In the book, Content-Area Conversations, there four types of talk that are identified: teacher modelling, guided talk, collaborative tasks, and independent tasks. Teacher modelling includes all forms of talk where the teacher models the type of behaviour and strategies that they want their students to also inculcate. In guided instruction, teachers talk through questions, prompts, and cues. Although this is teacher-led Fisher, Rothenberg, & Frey (2008) explain that students here "use talk to to ask questions - of the teacher, of the peers, of themselves - as well as to clarify understanding, provide feedback to a partner, and reflect once more on their learning" (p. 17). In collaborative tasks, students are provided with the space to work with each other. Here, the process of talk "becomes critical when students discuss tasks or ideas and question one another, negotiate meaning, clarify their own understanding, and make their ideas comprehensible to their partners" (p. 17). Lastly, there are independent tasks where students self-talk as inner conversations. Students can also provide and receive feedback from others for independent tasks, making it a form of talk.
Specifically, turn-and-talk and think-pair-share are the most widely used and also the most simple form of purposeful talk that teachers can implement. These are forms of guided instruction where the teacher can work in small groups to facilitate the talk. Collaborative tasks can include group discussions or group work. The teacher can still work with one group if that requires additional support and guided instruction. In the language arts, Literature circles or the Jigsaw Strategy whereby students must implement the thinking process to read, speak, and write, can be considered collaborative tasks.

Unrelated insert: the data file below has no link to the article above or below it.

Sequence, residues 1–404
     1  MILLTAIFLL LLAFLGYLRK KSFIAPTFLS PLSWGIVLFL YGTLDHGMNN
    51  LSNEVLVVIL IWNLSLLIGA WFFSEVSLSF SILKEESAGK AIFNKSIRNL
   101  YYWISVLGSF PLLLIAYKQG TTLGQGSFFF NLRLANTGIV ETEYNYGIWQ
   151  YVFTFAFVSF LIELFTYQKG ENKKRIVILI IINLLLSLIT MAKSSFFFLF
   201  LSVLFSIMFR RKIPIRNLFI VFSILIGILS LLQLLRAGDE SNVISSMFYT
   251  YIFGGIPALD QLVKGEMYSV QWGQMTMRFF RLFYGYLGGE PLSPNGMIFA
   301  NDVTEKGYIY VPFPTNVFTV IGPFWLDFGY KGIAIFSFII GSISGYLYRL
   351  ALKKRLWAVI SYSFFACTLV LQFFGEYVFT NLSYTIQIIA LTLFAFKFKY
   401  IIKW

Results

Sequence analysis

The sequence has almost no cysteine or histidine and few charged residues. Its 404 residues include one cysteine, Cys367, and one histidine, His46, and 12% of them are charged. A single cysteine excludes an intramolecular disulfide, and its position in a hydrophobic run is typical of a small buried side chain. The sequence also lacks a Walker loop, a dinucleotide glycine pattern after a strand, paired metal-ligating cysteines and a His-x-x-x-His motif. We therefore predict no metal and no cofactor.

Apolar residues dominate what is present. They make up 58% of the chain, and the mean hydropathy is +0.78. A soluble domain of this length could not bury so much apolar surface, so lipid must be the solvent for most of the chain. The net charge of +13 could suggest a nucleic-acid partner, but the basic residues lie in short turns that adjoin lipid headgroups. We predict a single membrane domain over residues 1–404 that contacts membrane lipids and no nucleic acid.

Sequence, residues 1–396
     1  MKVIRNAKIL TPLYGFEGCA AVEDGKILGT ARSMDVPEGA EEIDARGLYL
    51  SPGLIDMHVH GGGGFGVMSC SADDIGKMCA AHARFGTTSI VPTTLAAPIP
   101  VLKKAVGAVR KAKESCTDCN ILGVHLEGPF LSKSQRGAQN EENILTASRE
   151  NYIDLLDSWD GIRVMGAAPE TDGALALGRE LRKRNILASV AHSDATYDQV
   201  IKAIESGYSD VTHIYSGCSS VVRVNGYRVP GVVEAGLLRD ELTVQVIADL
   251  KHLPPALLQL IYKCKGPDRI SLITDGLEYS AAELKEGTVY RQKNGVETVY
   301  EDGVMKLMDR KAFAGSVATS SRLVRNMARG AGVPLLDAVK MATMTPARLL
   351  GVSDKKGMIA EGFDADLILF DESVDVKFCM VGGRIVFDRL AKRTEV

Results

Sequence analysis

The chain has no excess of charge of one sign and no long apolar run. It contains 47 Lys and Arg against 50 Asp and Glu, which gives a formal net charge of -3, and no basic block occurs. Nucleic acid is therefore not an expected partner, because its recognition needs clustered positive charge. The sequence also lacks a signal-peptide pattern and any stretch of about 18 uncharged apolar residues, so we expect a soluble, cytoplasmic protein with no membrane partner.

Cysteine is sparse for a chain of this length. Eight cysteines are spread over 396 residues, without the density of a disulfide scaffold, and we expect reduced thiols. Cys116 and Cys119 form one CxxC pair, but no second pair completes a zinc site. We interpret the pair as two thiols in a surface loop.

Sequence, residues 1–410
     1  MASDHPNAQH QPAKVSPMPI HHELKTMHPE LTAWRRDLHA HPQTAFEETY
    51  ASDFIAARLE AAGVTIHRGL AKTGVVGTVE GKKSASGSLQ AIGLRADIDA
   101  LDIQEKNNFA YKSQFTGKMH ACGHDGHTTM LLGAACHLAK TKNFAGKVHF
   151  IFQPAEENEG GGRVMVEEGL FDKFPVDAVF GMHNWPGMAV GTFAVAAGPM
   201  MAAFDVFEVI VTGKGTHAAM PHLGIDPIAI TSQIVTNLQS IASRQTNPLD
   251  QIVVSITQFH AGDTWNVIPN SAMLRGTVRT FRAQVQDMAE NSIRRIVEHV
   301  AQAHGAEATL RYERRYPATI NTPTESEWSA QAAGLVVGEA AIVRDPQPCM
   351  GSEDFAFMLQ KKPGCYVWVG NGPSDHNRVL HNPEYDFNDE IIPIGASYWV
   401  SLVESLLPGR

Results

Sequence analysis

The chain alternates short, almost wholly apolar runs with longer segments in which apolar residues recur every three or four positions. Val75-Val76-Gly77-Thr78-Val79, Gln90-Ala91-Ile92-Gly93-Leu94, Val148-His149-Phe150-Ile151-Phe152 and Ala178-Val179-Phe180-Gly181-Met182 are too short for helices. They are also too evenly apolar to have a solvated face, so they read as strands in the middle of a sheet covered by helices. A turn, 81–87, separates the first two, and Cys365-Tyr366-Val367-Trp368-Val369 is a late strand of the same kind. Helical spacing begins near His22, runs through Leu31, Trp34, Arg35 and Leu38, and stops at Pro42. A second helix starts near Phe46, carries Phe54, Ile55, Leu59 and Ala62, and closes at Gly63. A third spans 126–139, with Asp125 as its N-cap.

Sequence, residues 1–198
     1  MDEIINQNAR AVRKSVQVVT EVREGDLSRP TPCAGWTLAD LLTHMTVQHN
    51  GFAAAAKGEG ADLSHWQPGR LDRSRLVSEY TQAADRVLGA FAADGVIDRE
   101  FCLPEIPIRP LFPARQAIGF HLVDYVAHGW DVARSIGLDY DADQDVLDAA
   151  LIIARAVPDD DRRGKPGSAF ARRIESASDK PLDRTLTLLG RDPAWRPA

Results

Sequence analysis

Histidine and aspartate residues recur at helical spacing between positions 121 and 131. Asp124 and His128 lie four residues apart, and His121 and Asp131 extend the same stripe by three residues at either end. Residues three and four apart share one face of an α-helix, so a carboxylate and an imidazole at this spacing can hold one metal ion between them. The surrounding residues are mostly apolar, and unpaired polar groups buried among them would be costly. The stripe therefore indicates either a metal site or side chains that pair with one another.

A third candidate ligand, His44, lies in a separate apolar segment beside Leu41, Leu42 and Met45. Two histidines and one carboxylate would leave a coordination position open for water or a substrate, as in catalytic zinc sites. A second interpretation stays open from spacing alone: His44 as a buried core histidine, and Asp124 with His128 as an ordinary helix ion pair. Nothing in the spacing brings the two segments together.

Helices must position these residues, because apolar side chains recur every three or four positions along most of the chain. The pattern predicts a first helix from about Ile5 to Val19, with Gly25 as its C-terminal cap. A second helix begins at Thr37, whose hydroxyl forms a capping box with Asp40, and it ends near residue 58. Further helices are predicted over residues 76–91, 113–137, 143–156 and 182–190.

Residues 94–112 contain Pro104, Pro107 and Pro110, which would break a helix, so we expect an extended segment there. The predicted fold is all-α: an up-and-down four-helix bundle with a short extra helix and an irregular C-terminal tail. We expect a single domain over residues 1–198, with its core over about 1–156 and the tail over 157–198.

Text coding is a strategy used while reading where students leave tracks of their thinking. Students make codes or annotations on the text during the process. A star next to a sentence, for example, could represent the main idea of the text. A question mark could be used to point out something the student does not understand. The following is an example of text codes from Mr. Krambeck's resources:
If we want our students to actively think while reading, we have to model the thinking process to them. This think aloud with Steve Renfro is a clear example of how to model thinking aloud. TeachHUB explains, "The think-aloud technique helps students monitor their thinking and understanding of the text. This helps to improve students’ comprehension. As they think aloud, they internalize what they are saying, which helps them learn." As we model thinking aloud to our students, they start to understand how readers have to think about what they are reading and what they are learning.
Harvey, S. & Goudvis, A. (2007). Strategies that work.
Fisher, D., Rothenberg, C., & Frey, N. (2008). Content-area conversations. Association for Supervision and Curriculum Development. Virginia, United States.